2017 Toyota RAV4Enlarge Photo
Crossover SUV, or tall wagon—which suits you best?
Both the Toyota RAV4 and Kia Soul offer great packaging and cargo versatility. But that's about where the similarities end. They might not be two you'd typically cross-shop, but they're both great alternatives to basic sedans for cost-conscious small families or urban commuters.
Across a sea of genetically ambiguous wagon-ish vehicles, the Soul and RAV4 stand in sharp contrast. The latest RAV4 is solidly a compact crossover SUV, with available all-wheel drive and dimensions that stack up right along with the CR-V and Escape, its chief rivals. The Soul might be nearly a foot and a half shorter, as well as narrower, but there’s something to be said for its packaging, which brings nearly as much real-world-usable space.
Who wins? By the numbers, it's the RAV4. We rated the Toyota a 7.3, while the Kia manages a 6.8—for now. We haven't yet figured a final safety score, so that could inch higher. Even without formalized data from the IIHS, it's a close race and its easy to see why. (Read more about how we rate cars.)
These two models are both very popular, yet they’re pretty much polar opposites with respect to styling. One of them, the RAV4, essentially plays it safe, with a profile that blends in alongside other affordable compacts like the Honda CR-V, Chevy Equinox, and Mazda CX-5. Up close, it’s far from inspiring; although a refresh for the 2016 model year fine-tuned some of the details and added more soft-touch surfaces.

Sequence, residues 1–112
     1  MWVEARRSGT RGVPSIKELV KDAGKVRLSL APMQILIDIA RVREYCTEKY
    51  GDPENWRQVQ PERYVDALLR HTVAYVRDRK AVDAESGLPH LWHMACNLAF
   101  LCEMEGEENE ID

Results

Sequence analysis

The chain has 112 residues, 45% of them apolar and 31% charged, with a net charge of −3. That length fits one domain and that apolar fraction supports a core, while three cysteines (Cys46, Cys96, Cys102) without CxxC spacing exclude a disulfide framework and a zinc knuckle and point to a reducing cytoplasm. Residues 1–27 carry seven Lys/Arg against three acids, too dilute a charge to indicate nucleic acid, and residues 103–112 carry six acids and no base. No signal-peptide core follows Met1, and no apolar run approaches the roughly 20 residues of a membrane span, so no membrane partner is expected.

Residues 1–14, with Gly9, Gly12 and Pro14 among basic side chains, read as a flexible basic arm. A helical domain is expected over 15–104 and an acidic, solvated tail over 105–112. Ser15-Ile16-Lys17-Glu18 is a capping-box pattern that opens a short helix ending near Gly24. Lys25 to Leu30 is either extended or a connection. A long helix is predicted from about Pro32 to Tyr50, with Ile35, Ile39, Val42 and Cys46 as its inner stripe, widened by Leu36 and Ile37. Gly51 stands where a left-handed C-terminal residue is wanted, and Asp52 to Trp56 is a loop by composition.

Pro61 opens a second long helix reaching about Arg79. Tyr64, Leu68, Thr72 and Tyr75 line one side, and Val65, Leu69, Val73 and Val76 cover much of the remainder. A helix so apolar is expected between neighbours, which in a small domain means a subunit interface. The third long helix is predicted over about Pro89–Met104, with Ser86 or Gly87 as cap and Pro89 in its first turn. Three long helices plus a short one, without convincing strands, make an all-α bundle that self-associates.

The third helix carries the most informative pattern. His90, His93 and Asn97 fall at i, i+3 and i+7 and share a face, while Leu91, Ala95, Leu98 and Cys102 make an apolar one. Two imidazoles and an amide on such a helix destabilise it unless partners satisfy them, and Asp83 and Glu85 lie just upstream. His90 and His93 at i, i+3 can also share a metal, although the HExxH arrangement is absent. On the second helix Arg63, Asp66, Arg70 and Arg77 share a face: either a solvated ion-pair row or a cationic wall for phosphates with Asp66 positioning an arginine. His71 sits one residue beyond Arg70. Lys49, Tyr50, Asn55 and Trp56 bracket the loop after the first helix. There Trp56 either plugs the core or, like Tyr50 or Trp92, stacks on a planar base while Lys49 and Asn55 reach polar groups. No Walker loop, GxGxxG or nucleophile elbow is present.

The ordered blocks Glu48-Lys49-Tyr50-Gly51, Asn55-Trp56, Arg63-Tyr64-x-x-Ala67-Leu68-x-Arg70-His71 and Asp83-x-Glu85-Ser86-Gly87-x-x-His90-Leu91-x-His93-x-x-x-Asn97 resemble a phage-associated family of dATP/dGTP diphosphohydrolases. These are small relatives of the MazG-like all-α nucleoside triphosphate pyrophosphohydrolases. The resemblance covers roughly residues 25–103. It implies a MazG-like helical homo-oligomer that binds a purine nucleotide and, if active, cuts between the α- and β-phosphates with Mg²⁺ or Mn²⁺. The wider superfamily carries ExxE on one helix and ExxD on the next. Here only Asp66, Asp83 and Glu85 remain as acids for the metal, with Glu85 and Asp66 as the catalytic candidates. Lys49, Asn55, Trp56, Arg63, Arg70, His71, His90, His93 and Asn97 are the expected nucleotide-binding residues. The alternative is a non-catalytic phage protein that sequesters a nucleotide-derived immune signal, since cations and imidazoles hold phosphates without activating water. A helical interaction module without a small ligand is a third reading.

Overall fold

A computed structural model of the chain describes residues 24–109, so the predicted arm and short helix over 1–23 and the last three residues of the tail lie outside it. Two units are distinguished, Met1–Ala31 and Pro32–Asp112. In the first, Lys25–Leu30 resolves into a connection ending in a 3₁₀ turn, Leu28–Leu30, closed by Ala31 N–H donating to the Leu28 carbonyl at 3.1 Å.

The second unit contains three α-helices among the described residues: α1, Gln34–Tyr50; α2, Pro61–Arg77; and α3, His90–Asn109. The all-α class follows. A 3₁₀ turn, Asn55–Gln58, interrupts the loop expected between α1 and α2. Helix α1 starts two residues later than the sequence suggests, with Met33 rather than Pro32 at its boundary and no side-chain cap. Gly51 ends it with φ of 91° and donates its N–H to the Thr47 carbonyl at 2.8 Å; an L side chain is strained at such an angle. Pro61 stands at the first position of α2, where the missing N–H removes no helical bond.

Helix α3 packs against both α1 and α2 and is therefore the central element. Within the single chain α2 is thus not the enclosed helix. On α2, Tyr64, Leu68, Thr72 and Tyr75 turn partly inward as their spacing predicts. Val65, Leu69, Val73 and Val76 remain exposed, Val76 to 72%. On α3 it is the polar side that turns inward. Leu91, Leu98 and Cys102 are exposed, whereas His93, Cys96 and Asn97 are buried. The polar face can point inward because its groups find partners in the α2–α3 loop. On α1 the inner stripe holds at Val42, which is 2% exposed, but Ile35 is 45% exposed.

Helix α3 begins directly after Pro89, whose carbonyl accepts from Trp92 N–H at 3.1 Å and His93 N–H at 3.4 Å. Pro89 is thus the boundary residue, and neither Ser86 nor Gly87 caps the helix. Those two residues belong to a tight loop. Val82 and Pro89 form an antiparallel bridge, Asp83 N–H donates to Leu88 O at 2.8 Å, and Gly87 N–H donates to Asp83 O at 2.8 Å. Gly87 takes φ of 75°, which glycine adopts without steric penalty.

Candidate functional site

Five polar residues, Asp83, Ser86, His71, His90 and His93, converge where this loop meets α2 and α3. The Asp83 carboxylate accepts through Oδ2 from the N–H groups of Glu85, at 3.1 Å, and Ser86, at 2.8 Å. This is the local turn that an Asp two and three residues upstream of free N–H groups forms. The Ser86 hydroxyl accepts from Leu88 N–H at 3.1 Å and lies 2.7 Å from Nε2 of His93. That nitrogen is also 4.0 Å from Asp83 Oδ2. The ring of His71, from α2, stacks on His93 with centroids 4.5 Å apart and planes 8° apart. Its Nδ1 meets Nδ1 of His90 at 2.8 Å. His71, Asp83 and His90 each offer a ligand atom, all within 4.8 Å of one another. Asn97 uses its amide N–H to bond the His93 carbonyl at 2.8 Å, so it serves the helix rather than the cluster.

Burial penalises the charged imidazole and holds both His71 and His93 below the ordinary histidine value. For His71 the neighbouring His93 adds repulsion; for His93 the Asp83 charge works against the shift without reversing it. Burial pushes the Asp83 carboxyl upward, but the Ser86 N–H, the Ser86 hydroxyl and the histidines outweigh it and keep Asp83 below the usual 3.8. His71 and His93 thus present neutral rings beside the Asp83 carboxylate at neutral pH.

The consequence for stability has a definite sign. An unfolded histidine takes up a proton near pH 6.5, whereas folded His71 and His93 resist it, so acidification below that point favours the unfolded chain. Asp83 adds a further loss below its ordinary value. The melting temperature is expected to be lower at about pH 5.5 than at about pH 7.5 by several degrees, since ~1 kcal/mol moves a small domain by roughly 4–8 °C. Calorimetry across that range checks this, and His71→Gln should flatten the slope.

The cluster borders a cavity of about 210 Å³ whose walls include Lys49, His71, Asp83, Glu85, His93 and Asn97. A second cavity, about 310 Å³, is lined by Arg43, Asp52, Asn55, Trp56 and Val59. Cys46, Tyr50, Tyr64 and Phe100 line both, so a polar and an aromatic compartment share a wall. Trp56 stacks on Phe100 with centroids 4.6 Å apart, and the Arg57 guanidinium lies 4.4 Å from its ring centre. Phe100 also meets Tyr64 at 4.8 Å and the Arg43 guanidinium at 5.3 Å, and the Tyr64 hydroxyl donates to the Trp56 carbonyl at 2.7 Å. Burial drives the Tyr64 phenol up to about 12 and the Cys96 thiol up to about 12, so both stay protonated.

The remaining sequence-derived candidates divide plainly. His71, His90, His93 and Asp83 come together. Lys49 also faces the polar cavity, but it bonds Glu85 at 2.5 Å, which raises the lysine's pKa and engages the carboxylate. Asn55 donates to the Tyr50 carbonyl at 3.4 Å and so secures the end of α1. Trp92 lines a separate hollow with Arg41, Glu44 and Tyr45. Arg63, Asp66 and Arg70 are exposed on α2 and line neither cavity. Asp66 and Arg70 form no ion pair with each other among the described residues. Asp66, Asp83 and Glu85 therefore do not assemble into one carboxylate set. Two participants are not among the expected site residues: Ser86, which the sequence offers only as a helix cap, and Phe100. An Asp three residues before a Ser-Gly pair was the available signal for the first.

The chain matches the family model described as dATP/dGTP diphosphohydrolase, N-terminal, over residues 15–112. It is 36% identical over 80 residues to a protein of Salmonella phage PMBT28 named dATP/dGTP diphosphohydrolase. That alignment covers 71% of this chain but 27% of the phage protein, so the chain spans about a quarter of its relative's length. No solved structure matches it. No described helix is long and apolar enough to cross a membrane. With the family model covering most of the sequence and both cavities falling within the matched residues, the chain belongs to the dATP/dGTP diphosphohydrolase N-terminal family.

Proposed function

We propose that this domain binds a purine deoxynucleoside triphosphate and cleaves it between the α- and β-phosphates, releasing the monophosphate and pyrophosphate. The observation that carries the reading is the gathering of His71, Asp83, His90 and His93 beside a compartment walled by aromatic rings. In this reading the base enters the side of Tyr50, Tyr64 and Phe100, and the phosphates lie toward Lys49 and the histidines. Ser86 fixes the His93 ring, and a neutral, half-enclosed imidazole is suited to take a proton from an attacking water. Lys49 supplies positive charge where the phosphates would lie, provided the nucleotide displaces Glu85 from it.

The Soul, on the other hand, makes a memorable, unique statement from first glance, and we’d call it the winner from a style standpoint. Its blunt front end and boxy shape and silhouette are unmistakable, as is its roofline, which appears to float over a blacked-out greenhouse. Altogether, it adds up to a look that’s distinct but not too gimmicky. On the inside, it’s mostly good stuff, although a bit more small-car ordinary, with some nice details, including available LED cabin mood lighting.
Performance for both of these models is far from stellar. We’d place both soundly in the adequate category, but driving enthusiasts or anyone with serious performance expectations might want to look elsewhere. The RAV4 does just fine with its base 176-horsepower, 2.5-liter 4-cylinder engine; a new Hybrid version has 190 net horsepower, a 33-mpg combined EPA rating, and more responsive feel. The RAV4 rides and handles like a relatively nimble sedan, especially in SE trim, which gets a slightly stiffer suspension tune. Four-wheel drive is an option, and there’s even a 4WD Lock mode for predictable traction in snow or mud.
As for the Soul, 4WD or all-wheel drive aren’t at all offered, so again it’s a bit difficult to compare. Its driving manners are essentially like those of a soft-riding compact car. We’d recommend that you go for a Soul Plus with the larger 164-hp, 2.0-liter engine; this engine is effective in moving the Soul quickly enough with the 6-speed automatic transmission, although the combination can get quite boomy at times (like up long grades or with a few passengers aboard). A 6-speed manual is offered on the Soul, but only with the smaller engine. A high-powered 1.6-liter turbo-4 is available in Soul Exclaim models but pushes the price up close to a starting RAV4. The Soul maneuvers really well around tight spaces—a definite advantage over the larger RAV4—but for both of these models the steering itself suffers from a lack of feedback, and weighting could be better.